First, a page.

Five lush books on nature, animals and "Little Women."

Sometimes you just want to give someone a big, lavish, glorious book. Here are five recommendations:

"Tiger, Tiger, Burning Bright!" selected by Fiona Waters, illustrated by Britta Teckentrup. (Nosy Crow, $40.)

Reading a short passage every morning is an excellent way to start the day. Some people read from religious texts; I've been reading daily entries in a nature journal, but poems are another good possibility. This collection, selected by Scottish author, publisher and bookseller Fiona Waters, centers on animals, mostly wild, a few tame. Bullfrogs and dragonflies, monkeys and giraffes, owls and elephants, bears and fleas. The poems she collected are from all over the world, one a day for a full calendar year. Britta Teckentrup's digital illustrations are both startling and gorgeous. The arresting tiger image on the cover stares right out at you from the jungle foliage, inviting you in.

"The Art of the National Parks," by Fifty-nine Parks. (Earth Aware, $45.)

Fifty-nine Parks is an artist collective in Texas that got its start printing posters for rock concerts — some of the artists still do that, but the group has also branched out into other areas. This book is a collection of posters they commissioned and screen-printed, celebrating the country's national parks. It's a lovely conglomeration of styles from artists all over the world — some give a nod to the WPA posters of old; some are beautifully realistic, some are highly stylized. Glenn Thomas' sun-dappled forest of redwoods in Sequoia National Park looks like a primeval paradise. Dan McCarthy's star-studded night sky above Zion National Park is beautiful and mysterious. Elle Michalka chose pinks and greens to represent the buttes of Theodore Roosevelt Park; the line of horses racing across the bottom of her poster looks wild and free. A percentage of the proceeds of poster sales is donated to the national parks system.

"Shop Cats of China," by Marcel Heijnen. (Thames and Hudson, $24.95.)

Cats serve a practical purpose in the small, cramped shops of China — they kill mice. But cats being cats, they do so while looking regal, insouciant and as though they are the ones employing the shopkeeper, rather than the other way around. This collection of photographs and haiku is a wonderful glimpse into the world of Chinese commerce — mom and pop bodegas, restaurants, grocery stores, butcher shops. And in each photo, sometimes a bit hard to find (but worth hunting for), an unsmiling, superior, impassive cat. Dutch photographer Marcel Heijnen has lived in Asia for nearly 30 years, and these intimate photos don't just make me want to travel to Beijing — they make me, a lifelong dog owner, want to get a cat.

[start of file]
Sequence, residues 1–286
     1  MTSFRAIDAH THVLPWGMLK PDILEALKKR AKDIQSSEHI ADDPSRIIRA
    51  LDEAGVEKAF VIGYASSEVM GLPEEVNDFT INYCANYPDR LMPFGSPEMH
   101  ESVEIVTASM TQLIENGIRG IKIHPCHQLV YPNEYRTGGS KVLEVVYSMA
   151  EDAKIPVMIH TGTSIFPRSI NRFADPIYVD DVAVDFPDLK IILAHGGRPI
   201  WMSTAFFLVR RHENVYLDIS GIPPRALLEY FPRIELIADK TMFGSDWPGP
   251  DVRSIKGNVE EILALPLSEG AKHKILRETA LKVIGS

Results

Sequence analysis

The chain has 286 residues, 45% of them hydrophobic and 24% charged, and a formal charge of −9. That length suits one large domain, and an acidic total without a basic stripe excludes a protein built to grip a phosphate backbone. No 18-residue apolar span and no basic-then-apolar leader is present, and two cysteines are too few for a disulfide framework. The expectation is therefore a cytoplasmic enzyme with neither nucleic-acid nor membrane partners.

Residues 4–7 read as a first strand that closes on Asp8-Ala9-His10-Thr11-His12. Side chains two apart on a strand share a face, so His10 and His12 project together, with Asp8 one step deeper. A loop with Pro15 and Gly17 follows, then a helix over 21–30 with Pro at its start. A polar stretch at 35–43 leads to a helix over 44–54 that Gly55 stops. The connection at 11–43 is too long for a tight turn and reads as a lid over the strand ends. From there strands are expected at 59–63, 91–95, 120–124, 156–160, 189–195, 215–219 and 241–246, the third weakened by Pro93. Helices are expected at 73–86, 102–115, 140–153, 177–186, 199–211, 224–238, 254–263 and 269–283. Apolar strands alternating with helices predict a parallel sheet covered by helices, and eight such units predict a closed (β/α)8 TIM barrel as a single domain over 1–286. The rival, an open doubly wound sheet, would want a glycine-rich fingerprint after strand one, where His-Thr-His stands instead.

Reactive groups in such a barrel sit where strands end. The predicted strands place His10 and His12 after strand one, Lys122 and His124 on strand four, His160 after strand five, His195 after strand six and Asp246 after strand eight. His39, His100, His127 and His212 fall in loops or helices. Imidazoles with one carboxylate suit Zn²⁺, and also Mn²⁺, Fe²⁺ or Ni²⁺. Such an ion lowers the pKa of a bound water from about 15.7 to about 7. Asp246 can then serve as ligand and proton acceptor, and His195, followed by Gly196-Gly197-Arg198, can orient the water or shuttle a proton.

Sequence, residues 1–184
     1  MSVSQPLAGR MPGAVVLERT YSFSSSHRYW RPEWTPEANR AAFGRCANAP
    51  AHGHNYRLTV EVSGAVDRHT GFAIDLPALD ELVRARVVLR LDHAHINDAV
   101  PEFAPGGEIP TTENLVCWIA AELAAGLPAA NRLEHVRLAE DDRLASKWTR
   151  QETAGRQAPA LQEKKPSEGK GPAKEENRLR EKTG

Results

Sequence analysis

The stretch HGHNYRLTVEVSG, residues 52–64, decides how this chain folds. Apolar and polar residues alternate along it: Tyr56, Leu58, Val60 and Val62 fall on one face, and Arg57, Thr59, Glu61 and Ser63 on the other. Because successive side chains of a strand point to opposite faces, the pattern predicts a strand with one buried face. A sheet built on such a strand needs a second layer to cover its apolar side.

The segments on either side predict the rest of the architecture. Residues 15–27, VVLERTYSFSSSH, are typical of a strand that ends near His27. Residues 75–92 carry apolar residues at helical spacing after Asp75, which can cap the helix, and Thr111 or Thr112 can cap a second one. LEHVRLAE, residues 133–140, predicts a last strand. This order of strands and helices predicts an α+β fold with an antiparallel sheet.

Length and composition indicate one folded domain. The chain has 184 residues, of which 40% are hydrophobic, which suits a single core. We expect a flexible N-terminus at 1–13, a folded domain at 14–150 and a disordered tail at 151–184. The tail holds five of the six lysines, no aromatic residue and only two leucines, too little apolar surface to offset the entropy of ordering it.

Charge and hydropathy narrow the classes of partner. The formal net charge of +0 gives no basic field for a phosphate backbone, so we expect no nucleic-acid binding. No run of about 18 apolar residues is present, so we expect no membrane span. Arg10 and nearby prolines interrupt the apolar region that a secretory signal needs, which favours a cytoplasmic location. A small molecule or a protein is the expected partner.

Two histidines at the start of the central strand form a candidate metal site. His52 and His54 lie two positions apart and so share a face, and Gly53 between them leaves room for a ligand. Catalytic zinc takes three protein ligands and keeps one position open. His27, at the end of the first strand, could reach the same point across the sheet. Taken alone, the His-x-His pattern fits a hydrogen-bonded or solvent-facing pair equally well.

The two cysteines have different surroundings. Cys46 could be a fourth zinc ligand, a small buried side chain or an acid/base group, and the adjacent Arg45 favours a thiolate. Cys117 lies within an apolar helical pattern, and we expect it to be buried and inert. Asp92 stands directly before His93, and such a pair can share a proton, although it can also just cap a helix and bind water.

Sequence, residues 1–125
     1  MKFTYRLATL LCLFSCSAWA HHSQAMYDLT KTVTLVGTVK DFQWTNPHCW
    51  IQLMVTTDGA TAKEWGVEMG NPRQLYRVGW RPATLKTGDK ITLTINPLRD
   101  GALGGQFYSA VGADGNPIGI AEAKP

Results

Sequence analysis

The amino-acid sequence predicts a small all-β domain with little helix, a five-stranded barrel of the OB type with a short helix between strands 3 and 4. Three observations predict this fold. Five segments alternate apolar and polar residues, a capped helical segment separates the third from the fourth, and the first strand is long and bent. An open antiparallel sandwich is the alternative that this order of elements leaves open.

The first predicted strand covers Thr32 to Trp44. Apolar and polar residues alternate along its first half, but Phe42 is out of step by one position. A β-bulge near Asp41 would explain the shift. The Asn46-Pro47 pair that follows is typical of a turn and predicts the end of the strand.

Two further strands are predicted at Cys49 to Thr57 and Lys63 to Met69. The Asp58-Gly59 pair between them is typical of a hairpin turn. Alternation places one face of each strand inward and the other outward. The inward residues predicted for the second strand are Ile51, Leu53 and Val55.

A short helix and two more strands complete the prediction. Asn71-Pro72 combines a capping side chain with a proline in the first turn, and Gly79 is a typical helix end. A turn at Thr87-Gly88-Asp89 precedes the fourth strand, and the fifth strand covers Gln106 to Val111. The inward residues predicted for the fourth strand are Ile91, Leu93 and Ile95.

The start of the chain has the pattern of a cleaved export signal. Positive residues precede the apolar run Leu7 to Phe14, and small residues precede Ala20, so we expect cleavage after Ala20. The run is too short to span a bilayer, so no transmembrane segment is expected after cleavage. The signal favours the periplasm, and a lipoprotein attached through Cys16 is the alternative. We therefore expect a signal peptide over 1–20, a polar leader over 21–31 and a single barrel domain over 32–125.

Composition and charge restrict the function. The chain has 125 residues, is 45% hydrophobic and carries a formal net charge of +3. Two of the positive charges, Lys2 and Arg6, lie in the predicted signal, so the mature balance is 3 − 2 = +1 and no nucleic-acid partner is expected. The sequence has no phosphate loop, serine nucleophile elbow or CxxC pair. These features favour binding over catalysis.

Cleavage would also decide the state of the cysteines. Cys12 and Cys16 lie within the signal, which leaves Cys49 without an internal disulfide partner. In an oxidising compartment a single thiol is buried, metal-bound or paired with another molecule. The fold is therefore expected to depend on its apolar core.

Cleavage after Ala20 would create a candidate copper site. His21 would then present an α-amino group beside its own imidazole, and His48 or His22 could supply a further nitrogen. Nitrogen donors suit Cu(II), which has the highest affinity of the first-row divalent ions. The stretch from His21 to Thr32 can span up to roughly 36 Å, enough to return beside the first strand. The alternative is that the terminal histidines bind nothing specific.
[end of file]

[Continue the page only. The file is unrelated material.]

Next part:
"Little Women," by Louisa May Alcott, curated by Barbara Heller. (Chronicle Books, $40.)

I have read "Little Women" so many times beginning at such an early age that I feel as though the four March girls are my own sisters (and that I, in some way, am Jo — never forget that my parents named me Laurie Jo for a reason). This edition contains the novel in full, augmented by physical reproductions of the book's letters, manuscripts and poems, tucked into glassine envelopes that you can pull out and read. Written in old-timey scripts, the ink turned sepia (presumably from age), the paper also looking aged, these are as close as you're going to get to actual letters from Marmee and Meg and the others. Laurie's handwriting in his goodbye letter to Jo is appropriately flamboyant, decorated with flourishes and curlicues.

The Best Short Stories of Fyodor Dostoevsky. (Folio Society, $80.)

Seven stories by the Russian master, including "White Nights" and the novella-length "Notes from the Underground," have been deftly translated by David Magarshack,introduced by none other than Joyce Carol Oates and encased in a sturdy black slipcase. Stark black and white engravings by Harry Brockway reflect the book's dark and wintry mood. Dostoevsky, Oates notes, understands the "tragic predicament" of humans: knowing that love is the highest value, yet rejoicing in their own wickedness. "It was Easter Monday," begins "The Peasant Marey. "The air was warm, the sky blue, the sun high, 'warm' and bright, but I was plunged in gloom." Dig in. No better winter reading than this.

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